Urban hens under consideration
Diamond Valley: Club requests council approval for backyard chickens in town
Wednesday, Jan 22, 2014 08:33 am
Two Diamond Valley women don’t want to ruffle any feathers, but they are lobbying town councils with a proposal they say is a healthy benefit to their communities.
Naphtha resident Heather Gillis and Margaret Krichbaum of Turner Valley approached Diamond Valley residents before looking for approval from the Towns of Turner Valley and Black Diamond to run a one-year pilot project allowing backyard hens in the communities.
Gillis initiated Diamond Valley CLUCK last July, which now has 38 members, as a branch of the Canadian Liberated Urban Chicken Klub (CLUCK) in Calgary. Her goal is to pursue a healthier lifestyle as a result of an environmental illness she suffers causing respiratory, sinus, skin and neurgological problems when exposed to specific foods, perfumes and chemicals.
“I really do think that we need to take a real change in the way we approach things,” she said. “(Backyard hens) makes so much sense to me because GMOs (Genetically Modified Organisms), pesticides and herbicides are in my foods and I know they bother me.”
Krichbaum and Gillis visited 52 Diamond Valley homes last December asking residents for their opinion on the pilot project.
Gillis said about 80 per cent either supported the idea or were not concerned, about a quarter were interested and 10 per cent were against it for various reasons.
“That gave us pretty good insight,” she said. “I felt there was enough of an interest to warrant pursuing it.”
The ladies presented information to Turner Valley and Black Diamond town councils requesting support for the project. They presented to Turner Valley council during its committee of the whole meeting on Jan. 13 in the Flare ‘n’ Derrick Community Hall.
Gillis and Krichbaum listed benefits of backyard hens as being an opportunity for residents to grow healthy chemical-free food, enriching the soil and reducing weeds and insects in yards.
“Towns and cities are already doing it,” she said, using Red Deer, Vancouver and Guelph as examples. “Some are undergoing pilot projects. Different towns are going through different experiences and it’s a good network to get information through.”
Gillis and Krichbaum also discussed common concerns regarding backyard hens, including the potential to attract predators, noise levels, smell, the risk of disease and abandonment of hens.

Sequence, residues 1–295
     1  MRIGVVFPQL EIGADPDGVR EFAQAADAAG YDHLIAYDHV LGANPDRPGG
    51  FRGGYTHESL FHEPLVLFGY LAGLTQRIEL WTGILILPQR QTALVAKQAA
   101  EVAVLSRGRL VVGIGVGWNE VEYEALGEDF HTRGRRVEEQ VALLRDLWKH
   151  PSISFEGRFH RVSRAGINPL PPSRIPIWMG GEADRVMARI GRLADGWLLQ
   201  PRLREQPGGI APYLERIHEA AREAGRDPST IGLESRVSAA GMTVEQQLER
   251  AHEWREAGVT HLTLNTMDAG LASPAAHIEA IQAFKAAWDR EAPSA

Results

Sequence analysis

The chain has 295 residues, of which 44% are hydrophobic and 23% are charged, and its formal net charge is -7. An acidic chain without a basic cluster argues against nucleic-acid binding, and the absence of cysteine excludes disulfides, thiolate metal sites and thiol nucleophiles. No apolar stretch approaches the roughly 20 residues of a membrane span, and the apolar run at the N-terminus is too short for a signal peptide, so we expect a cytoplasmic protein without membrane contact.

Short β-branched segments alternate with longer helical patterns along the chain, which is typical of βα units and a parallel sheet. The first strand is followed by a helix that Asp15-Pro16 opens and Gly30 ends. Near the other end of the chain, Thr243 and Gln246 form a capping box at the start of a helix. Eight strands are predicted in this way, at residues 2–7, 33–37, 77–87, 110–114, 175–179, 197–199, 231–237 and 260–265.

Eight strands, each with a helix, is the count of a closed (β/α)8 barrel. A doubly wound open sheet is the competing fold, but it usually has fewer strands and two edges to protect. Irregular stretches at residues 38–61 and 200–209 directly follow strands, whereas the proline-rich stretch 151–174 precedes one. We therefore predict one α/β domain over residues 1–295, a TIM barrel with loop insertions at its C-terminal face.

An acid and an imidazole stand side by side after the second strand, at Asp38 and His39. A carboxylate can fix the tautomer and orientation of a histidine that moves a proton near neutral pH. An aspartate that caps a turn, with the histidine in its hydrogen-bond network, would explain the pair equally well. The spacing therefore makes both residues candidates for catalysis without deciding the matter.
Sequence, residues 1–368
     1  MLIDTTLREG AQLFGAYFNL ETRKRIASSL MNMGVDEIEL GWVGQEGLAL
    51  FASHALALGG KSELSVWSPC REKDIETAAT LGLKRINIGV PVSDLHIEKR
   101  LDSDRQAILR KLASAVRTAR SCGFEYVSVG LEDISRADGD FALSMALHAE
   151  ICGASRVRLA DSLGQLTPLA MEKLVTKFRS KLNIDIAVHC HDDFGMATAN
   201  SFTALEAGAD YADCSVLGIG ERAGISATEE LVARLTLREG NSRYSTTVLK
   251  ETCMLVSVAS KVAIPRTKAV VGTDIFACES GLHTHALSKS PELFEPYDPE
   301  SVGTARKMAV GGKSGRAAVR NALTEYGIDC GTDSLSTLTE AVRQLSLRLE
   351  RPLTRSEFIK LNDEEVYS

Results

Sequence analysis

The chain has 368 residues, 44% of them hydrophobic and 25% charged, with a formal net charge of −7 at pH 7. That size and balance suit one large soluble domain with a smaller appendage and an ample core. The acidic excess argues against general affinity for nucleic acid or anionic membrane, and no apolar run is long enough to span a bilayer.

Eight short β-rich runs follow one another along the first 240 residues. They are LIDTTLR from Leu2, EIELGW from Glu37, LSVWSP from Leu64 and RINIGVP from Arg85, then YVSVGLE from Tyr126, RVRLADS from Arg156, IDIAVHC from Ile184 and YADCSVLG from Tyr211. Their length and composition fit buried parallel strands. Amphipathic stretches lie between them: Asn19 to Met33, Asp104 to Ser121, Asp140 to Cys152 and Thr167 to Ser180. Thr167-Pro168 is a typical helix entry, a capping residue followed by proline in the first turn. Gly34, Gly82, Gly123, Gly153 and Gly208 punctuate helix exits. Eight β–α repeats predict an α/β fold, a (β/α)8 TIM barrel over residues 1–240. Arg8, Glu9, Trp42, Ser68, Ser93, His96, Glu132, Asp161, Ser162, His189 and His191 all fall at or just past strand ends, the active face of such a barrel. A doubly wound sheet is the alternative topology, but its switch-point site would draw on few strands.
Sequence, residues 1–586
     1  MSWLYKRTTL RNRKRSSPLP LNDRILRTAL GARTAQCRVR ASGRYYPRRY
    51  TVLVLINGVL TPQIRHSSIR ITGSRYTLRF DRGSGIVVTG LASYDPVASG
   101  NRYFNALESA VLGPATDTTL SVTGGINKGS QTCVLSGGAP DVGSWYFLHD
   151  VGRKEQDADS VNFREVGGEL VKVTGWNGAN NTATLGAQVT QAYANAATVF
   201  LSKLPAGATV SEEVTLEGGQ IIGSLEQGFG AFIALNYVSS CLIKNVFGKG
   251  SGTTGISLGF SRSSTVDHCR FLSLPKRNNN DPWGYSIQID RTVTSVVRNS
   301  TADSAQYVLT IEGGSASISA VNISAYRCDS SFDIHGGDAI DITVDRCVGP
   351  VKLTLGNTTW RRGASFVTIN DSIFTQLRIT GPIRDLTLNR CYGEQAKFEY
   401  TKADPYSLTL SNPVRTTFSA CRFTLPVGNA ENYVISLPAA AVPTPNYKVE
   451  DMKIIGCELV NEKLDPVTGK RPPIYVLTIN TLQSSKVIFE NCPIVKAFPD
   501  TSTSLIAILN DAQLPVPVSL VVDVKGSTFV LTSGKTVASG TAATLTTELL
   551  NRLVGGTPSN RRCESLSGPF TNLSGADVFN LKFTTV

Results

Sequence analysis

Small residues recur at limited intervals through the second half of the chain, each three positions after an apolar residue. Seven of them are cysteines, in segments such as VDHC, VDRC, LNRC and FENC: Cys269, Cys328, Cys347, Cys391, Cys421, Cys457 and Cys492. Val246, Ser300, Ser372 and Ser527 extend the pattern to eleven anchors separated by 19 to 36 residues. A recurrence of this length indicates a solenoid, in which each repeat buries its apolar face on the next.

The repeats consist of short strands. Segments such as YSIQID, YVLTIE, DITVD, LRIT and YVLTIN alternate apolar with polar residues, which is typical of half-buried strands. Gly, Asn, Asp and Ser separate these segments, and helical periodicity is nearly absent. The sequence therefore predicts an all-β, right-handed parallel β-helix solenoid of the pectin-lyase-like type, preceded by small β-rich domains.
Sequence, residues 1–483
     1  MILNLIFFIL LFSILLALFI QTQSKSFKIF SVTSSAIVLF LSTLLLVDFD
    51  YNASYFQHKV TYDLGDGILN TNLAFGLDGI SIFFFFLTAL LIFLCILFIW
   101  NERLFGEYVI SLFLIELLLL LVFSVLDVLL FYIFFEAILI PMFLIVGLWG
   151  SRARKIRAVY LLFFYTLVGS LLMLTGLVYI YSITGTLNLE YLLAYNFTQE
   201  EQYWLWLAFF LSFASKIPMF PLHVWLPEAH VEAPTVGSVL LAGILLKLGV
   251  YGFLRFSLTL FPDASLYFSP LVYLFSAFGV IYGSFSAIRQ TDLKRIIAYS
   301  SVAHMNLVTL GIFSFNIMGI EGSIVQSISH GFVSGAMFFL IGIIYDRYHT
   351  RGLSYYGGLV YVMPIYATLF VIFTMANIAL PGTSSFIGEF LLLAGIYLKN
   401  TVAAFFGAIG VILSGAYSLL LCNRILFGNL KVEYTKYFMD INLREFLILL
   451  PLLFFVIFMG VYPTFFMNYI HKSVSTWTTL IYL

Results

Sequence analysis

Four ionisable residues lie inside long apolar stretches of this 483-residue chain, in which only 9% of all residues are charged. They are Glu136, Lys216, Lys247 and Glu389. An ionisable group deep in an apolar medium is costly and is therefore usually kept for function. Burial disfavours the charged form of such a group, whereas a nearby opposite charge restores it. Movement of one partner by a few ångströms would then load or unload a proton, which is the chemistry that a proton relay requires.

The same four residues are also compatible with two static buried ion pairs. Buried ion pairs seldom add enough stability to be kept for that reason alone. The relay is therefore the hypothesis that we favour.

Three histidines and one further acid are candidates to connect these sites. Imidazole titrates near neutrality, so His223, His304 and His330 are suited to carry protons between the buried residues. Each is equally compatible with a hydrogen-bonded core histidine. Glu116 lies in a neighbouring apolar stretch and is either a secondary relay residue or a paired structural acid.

Gillis told council predators are already present in town and predator proofing is critical when constructing henhouses to deter the animals.
As for noise, Gillis said studies were conducted to measure the decibel level of clucking hens and it was discovered the level is similar to that of people talking. She added the project does not allow roosters.
As for concerns about smell and disease, she said smell shouldn’t be an issue with good housekeeping measures and disease is more common in larger hen operations.
Once the pilot project is complete, if approved, Gillis said it will allow both councils to form an informed decision about allowing backyard hens in town permanently.
Turner Valley Coun. Dona Fluter told Gillis and Krichbaum the Town’s mandate to reduce its footprint by downsizing lots could affect space available for henhouses and suggested operating the project on green spaces in the community.
“Maybe that would be a discussion to have,” she said. “You would have to have a buy in from that particular community area.”
Fluter expressed concerns about the project attracting predators to town.
“Given we are a very rural community that is going to bring in coyotes,” she said. “Those on the border of town do deal with that.”
She said cleanliness is also a concern, adding what one person deems clean isn’t necessarily shared by others.
Fluter said aesthetics might also be an issue among residents not wanting to look over their fence at a henhouse.
Mayor Kelly Tuck said the idea of her neighbour having a henhouse would be difficult to accept.
“Birds scare me,” she said. “If I looked over at hens in my neighbour’s yard I would cry.”
Coun. Barry Williamson told Gillis and Krichbuam their recommendation will go to Town administration before coming back to council for a decision.
“We have to be consistent with how we deal with animals period in our community,” he said. “You’ve got to be consistent in the kinds of animals we have.”
Gillis said she looks forward to hearing back from both councils.
“They seemed very favourable about it,” she said of Black Diamond council’s response. “We’ve been told we will know for sure on the fifth of February. It sounds really promising.”
To learn more about Diamond Valley CLUCK check out their Facebook page. For more information about other communities involved in similar projects go to www.backyardchickens.com
Gillis said information sessions regarding backyard hens will be held at the Sheep River Library in Turner Valley on Feb. 26 and April 30 at 7 p.m.